The “Summary” Dash

There is a little-known dash rule that is called the “summary dash.” It is used when a sentence has concluded and a clause refers back to the subject of that sentence. The clause is really an appositive to the subject of the sentence.

(There are other instances of a summary dash that we will save for another day.)

…It was something I never expected to discover — that the company was doing shoddy work.
…That is what I remember — that he was always late to work.

Happy punctuating!


“Full-Time” and “Part-Time”

These two words are hyphenated in the dictionary as adjectives and adverbs. However, as we know, the adjective form in the dictionary is the direct adjective form, i.e., the form right in front of the noun. Predicate and appositive adjectives are not hyphenated.

So they are hyphenated as direct adjectives
…full-time job
…part-time position
and as adverbs
…He works full-time.
…We were with him only part-time.
but not as predicate adjectives.
…His job is full time.
…It is only part time.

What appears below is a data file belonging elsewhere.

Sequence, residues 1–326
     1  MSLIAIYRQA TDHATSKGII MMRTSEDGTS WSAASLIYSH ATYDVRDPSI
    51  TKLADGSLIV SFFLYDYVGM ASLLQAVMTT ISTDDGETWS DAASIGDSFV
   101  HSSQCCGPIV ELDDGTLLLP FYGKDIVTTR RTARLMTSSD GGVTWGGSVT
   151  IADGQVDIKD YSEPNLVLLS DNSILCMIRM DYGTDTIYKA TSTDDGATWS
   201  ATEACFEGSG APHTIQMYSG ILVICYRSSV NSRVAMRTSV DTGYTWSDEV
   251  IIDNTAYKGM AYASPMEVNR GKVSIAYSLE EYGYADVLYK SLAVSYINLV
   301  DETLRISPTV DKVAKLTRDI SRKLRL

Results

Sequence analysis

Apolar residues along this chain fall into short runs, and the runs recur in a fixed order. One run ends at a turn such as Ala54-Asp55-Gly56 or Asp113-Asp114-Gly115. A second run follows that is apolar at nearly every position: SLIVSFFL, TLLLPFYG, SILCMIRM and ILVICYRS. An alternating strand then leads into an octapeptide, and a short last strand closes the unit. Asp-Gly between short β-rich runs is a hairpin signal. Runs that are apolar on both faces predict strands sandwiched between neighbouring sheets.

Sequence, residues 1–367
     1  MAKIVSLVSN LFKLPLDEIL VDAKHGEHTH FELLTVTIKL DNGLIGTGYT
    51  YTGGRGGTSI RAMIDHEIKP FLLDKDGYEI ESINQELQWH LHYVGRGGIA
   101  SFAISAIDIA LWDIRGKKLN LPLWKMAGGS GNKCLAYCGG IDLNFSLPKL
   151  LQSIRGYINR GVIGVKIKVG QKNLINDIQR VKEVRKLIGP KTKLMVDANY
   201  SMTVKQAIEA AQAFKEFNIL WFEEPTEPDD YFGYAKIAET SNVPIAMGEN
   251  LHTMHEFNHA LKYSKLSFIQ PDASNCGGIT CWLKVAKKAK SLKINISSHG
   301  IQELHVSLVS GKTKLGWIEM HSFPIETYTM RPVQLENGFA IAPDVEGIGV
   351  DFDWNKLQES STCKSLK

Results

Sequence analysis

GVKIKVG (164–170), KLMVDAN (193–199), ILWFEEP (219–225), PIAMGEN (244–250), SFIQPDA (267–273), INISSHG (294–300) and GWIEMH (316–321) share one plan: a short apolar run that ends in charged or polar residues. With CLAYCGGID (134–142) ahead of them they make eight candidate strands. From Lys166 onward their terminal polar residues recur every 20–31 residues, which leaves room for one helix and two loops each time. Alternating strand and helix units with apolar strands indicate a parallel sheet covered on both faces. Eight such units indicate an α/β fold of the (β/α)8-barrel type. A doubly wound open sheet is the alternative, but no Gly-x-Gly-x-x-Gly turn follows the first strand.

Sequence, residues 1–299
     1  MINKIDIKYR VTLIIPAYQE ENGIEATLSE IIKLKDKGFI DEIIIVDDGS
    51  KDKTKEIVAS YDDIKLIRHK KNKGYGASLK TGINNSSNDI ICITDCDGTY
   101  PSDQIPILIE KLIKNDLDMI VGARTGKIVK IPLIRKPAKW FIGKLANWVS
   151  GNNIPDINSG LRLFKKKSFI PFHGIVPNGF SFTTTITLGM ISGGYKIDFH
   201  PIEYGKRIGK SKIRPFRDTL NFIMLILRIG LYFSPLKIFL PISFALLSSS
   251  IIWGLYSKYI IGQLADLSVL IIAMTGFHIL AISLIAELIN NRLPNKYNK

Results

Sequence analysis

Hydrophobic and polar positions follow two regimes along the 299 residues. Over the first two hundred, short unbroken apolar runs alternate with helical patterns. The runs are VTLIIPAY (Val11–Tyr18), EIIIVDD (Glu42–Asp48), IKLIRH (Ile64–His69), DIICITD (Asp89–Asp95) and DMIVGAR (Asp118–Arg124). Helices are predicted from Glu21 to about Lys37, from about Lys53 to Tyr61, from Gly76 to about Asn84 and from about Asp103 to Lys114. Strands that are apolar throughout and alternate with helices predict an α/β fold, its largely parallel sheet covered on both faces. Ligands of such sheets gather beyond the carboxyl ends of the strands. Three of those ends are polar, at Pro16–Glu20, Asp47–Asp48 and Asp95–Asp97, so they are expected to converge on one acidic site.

Happy punctuating!

Interesting Rule from the “Chicago Manual of Style”

Another take on the word “so”: In 5.210 of CMOS, “Interjections and functional variations”: “… most parts of speech may be used as interjections. A word that is classified as some other part of speech but used with the force of an interjection is called an exclamatory noun, exclamatory adjective, and so forth.” And the word “so” is used as an example of one of these “exclamatory” words.

Specifically in regard to the word “so,” I think this interpretation opens a can of worms. If the word “so” can now be an interjection, it must take a comma after it. You must now decide each time “so” is used what the speaker is thinking and whether or not “so” is a conjunction that means “therefore” or it is an interjection, a throwaway-type word, and has no meaning. As a conjunction, “so” does not have a separating comma after it; as an interjection, it does.

Inserting the comma for the interjection does not shed light or clarity on the sentence and forces the person punctuating to intuit what the speaker is thinking or, at the very least, to look back at what is said before the word “so” in order to try to figure it out.